GUEST SPEAKER: EXPERT IN SOCIOLOGY OF CONSTRUCTION PRACTICE On Thursday 29 October, students attended a research seminar by Professor of the Sociology of Construction in the School of Civil and Building Engineering at Loughborough University, UK, Andrew Dainty. A renowned expert on the sociologies of construction practice, for the past 22 years his research has focused on the social rules and processes that affect people working as members of project teams. Professor Dainty spoke about exploring the application of ethnographic practices in the built environment. Based on his own ethnographies and those of his students, and by drawing upon other key contributions in the field, he explained how both classic and intense routes to knowing can help to shape our understanding of this most complex of sectors. He explained the importance of maintaining a theoretical-ethnographic dialogue and the value that this brings to ethnographic enquiry.

Andrew has published over 350 papers in both academic and industry journals and is co-author/editor of nine books and research monographs. He is also co-editor of the leading research journal Construction Management and Economics, a Past Chair of the Association of Researchers in Construction Management (ARCOM) and a joint coordinator of CIB TG 76 on Recognizing Innovation in Construction. He is currently a visiting professor at Universities in Australia, Sweden and Malaysia. SUCCESS IN ARC MAJOR GRANTS ANNOUNCED 30 OCTOBER 2016 Congratulations to BE researchers who are Chief Investigators in three collaborative ARC grants led by other institutions and announced last week. Two of these are LIEF (Linkage Infrastructure, Equipment and Facilities) grants: Urban analytics data infrastructure (Professors Christopher Pettit and Bill Randolph) led by the University of Melbourne (LE160100174) for $805,000 in total, and Australian housing condition data infrastructure (Professors Hal Pawson and Bill Randolph) led by the University of Adelaide (LE160100056) for $190,000 in total. The third is a Discovery Project on the post-World War Two evolution of the Australian university campus (Professor Robert Freestone) led by The University of Melbourne (DP160100364) for $302,627 in total.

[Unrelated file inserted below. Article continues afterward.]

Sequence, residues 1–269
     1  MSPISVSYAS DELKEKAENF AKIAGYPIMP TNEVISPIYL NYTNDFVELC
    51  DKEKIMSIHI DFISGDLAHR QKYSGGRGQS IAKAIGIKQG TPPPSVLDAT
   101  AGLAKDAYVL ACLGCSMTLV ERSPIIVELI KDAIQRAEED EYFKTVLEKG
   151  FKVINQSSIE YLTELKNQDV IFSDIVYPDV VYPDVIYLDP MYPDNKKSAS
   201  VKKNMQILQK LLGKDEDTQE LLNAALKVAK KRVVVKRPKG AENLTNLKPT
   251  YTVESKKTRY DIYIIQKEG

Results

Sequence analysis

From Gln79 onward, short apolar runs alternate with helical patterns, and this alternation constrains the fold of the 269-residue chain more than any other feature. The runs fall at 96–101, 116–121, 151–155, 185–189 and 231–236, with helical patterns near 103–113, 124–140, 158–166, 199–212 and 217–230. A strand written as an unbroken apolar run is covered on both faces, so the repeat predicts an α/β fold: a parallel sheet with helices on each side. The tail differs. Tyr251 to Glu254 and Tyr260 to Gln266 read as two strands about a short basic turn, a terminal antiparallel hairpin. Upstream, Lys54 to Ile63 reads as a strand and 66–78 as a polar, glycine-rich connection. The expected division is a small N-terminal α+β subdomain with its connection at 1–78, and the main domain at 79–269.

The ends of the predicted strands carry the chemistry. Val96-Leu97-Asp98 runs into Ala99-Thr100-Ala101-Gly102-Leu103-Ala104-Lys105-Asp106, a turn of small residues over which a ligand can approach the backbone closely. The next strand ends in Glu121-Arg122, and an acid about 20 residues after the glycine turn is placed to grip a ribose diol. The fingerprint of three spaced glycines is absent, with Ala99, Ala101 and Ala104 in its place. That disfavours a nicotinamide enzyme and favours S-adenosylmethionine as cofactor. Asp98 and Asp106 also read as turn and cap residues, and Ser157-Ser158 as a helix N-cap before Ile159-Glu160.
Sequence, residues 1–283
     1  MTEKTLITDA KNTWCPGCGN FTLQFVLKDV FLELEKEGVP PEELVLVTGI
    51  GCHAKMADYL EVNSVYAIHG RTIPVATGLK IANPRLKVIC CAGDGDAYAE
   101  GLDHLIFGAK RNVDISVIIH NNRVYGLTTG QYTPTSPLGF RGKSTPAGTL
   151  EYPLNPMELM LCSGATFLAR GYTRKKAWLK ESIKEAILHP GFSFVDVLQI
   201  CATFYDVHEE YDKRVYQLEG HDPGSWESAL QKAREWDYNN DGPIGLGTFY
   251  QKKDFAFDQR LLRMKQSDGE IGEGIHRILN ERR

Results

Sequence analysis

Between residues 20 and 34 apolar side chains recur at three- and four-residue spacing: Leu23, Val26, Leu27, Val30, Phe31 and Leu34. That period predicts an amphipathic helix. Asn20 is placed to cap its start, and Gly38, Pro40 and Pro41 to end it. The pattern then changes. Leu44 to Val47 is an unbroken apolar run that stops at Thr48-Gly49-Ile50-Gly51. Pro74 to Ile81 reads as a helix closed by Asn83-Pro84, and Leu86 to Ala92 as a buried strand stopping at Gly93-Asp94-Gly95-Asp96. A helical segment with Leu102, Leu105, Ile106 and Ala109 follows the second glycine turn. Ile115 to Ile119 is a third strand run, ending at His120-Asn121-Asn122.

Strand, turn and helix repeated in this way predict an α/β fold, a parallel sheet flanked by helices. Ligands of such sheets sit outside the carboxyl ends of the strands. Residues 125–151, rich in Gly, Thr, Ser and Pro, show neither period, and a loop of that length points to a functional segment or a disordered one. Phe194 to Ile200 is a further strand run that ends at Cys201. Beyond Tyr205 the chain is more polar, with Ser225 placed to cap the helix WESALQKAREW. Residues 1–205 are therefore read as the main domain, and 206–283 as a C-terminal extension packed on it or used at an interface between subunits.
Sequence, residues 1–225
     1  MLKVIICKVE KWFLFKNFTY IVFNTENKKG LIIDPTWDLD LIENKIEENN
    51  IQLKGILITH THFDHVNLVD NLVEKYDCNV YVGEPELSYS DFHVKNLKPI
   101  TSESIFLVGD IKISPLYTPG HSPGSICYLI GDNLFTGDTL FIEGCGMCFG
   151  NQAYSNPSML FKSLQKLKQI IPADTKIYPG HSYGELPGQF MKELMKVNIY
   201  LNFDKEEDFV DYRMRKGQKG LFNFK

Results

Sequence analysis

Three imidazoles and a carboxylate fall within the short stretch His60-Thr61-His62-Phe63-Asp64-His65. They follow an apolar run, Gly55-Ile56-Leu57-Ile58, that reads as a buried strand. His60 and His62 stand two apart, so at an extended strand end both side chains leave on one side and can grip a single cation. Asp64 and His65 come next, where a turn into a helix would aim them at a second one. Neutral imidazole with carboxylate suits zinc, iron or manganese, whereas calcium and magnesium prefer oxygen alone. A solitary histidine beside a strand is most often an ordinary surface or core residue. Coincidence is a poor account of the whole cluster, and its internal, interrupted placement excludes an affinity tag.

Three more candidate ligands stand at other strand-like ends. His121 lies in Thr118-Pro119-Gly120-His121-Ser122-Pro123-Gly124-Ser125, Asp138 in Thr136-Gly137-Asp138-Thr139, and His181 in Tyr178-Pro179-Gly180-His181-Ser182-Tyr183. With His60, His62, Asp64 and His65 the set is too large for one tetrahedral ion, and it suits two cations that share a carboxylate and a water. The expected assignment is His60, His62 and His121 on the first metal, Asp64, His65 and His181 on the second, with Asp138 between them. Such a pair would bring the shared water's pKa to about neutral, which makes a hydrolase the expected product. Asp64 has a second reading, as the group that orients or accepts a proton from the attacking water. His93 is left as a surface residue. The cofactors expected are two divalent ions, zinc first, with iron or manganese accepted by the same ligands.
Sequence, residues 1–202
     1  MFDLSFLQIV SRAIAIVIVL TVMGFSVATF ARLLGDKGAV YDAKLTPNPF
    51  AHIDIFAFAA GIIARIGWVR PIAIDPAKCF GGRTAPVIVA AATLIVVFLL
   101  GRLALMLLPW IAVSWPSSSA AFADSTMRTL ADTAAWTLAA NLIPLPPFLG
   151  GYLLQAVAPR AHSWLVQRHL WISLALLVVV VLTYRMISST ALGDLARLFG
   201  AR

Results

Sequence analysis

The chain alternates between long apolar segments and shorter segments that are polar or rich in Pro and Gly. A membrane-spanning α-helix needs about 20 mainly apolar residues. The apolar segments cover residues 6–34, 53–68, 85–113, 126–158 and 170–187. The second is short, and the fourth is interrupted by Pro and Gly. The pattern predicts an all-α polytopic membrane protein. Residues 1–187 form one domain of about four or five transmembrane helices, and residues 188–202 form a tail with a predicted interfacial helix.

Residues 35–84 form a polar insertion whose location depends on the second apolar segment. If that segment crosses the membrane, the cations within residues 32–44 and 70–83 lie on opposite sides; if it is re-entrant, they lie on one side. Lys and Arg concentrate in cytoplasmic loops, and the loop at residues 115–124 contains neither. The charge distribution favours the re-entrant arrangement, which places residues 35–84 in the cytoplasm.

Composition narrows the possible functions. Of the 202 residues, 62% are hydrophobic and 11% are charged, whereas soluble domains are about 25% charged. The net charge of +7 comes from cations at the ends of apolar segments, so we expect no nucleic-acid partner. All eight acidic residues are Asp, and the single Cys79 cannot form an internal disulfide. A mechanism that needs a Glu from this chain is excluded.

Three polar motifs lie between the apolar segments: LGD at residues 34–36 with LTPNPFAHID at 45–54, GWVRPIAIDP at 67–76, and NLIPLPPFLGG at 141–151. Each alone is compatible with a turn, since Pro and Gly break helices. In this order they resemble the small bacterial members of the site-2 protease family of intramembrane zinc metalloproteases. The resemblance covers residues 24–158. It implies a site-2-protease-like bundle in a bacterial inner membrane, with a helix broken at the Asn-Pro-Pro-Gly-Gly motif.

Meet the Researchers – Matthias Irger Dr Matthias Irger joined the Faculty as Lecturer in the Architecture Program in 2014 after completing his PhD at Built Environment’s Australian Graduate School of Urbanism. Prior to his academic career, Matthias worked as an architect for more than ten years in internationally acclaimed practices on award-winning high-rise and transport infrastructure projects. Matthias’s interdisciplinary teaching and research activities are driven by his passion for applied sustainable design in the architectural as well as urban domain. His PhD thesis focussed on how urban design can be utilized to improve the urban microclimate and consequently the carbon footprint and liveability of our cities. Matthias was awarded a scholarship and project funding by the CSIRO Climate Adaptation Research Flagship for this innovative research, which employed airborne remote sensing to quantify how vegetation, building density and surface albedo affect urban outdoor temperatures of streets and neighbourhoods. In early 2015 Matthias initiated the National Cool Cities Initiative in which he works with local governments across Australia towards improving the resilience of communities to extreme heat events. The project uses advanced spatial analytics of high-resolution airborne data to create the evidence-base, guide lines and tools for climate-sensitive urban design, planning and policy. With initial funding from the South Sydney Regional Organisation of Councils and NSW Office of Environment and Heritage and support by the CRC for Low Carbon Living, the first stage of the project is now well under way in Sydney with potential nation-wide application over the next two years.

BE Research in the News Martin Loosemore: What Are the Next Big Areas for Construction Innovation?, 9 October 2015. View Online. Martin Loosemore: Work Force Diversity is Key to Construction Innovation., 12 October 2015. View Online.